But, one thing confuses me. The article states: “On April 30, 2010, the eight repatriated crew members were buried at Arlington National Cemetery”, but then further below the same article states that Arnett, Arhar, Stinson, Doyle, & Price were buried in their hometowns. Which was it?

    Thanks,

    Scott

    1. Dear Scott, Thank you for your thoughtful question.

      Regarding the burial of the ‘453 crew, actually both burials and ceremonies, one for the entire ‘453 aircrew at Arlington and separate ones for some of the airmen, happened.

      When the remains were recovered at the ‘453 underwater crash site, several of the individual remains were commingled, meaning no way existed to separate the remains for individual identification. During the same recovery, some of the remains were located in unique areas that permitted identification. Thus, broadly speaking, two groups of remains existed from the recovery: commingled remains for which identification was not possible and individual remains (not necessarily complete sets of remains) which were identified by DNA and other methods.

      Our understanding of the DPAA policy in managing commingled remains is that they are designated to contain remains from all the aircrew, as there is no way to be certain whose remains are specifically commingled.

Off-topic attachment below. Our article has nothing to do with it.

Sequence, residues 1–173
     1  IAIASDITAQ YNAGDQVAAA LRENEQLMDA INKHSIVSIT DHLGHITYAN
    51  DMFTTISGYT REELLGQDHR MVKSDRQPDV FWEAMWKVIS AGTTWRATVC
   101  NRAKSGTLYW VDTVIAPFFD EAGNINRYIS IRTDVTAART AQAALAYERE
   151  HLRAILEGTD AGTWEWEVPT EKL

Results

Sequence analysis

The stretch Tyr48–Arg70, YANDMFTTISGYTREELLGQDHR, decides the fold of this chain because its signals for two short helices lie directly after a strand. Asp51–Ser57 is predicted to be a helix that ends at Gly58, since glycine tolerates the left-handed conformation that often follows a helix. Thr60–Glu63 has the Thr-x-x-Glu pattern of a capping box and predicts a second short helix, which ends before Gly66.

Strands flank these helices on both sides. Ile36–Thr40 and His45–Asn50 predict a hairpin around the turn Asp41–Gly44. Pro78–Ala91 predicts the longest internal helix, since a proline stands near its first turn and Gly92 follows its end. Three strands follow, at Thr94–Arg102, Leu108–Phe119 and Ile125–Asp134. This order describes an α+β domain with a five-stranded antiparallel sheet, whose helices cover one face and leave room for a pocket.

Another DPAA policy is that each family has the choice of a ceremony at a National Cemetery or locally (eg, a family plot). Some of the families decided to have individual burial ceremonies at home while others decided on the National Cemetery, in this case Arlington. Thus the Arlington burial had a combination of some individual airmen (at the families’ requests) plus the commingled remains, which were placed in a separate casket.

      In keeping with the DPAA policy to designate commingled remains to the entire aircrew, the head stone lists all 8 aircrew located (note that the three still missing airmen are not listed). Accordingly, all eight families were invited to the Arlington burial ceremony and most attended.

      At the invitations of several aircrew families, members of Project Recover(then BentProp) attended almost all the individual and the Arlington burial ceremonies. Each was very special and we felt privileged to attend.

      I hope this helps explain your question, Scott.

      Respectfully,
      Pat Scannon
      Project Recover

      1. Hi Pat,

        Thank you so much for that detailed explanation. I understand now, and I’m very glad those 8 families were hopefully able to find some sense of closure after so many years.

        I wish you much continued success in your noble mission.

        Sincerely,

        Scott Cowden